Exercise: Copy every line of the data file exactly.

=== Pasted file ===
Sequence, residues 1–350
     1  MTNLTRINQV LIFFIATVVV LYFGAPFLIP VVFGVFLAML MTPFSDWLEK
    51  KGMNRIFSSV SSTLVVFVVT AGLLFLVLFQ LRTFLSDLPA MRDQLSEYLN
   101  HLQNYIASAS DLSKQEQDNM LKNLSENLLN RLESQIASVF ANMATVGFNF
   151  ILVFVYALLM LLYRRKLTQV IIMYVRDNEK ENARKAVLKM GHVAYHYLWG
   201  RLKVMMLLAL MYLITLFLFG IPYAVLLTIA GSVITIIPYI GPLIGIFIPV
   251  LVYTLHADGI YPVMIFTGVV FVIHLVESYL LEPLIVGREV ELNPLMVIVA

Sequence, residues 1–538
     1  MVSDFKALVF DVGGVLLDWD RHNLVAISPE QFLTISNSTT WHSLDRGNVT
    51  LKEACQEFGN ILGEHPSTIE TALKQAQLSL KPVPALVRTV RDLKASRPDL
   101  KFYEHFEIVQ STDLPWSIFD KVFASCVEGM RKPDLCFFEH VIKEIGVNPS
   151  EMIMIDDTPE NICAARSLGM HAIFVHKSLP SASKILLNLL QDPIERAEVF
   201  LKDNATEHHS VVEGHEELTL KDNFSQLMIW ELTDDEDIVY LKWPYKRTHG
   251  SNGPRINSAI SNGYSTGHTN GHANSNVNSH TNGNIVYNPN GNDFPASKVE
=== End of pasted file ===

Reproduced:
Sequence, residues 1–350
     1  MTNLTRINQV LIFFIATVVV LYFGAPFLIP VVFGVFLAML MTPFSDWLEK
    51  KGMNRIFSSV SSTLVVFVVT AGLLFLVLFQ LRTFLSDLPA MRDQLSEYLN
   101  HLQNYIASAS DLSKQEQDNM LKNLSENLLN RLESQIASVF ANMATVGFNF
   151  ILVFVYALLM LLYRRKLTQV IIMYVRDNEK ENARKAVLKM GHVAYHYLWG
   201  RLKVMMLLAL MYLITLFLFG IPYAVLLTIA GSVITIIPYI GPLIGIFIPV
   251  LVYTLHADGI YPVMIFTGVV FVIHLVESYL LEPLIVGREV ELNPLMVIVA

Sequence, residues 1–538
     1  MVSDFKALVF DVGGVLLDWD RHNLVAISPE QFLTISNSTT WHSLDRGNVT
    51  LKEACQEFGN ILGEHPSTIE TALKQAQLSL KPVPALVRTV RDLKASRPDL
   101  KFYEHFEIVQ STDLPWSIFD KVFASCVEGM RKPDLCFFEH VIKEIGVNPS
   151  EMIMIDDTPE NICAARSLGM HAIFVHKSLP SASKILLNLL QDPIERAEVF
   201  LKDNATEHHS VVEGHEELTL KDNFSQLMIW ELTDDEDIVY LKWPYKRTHG
   251  SNGPRINSAI SNGYSTGHTN GHANSNVNSH TNGNIVYNPN GNDFPASKVE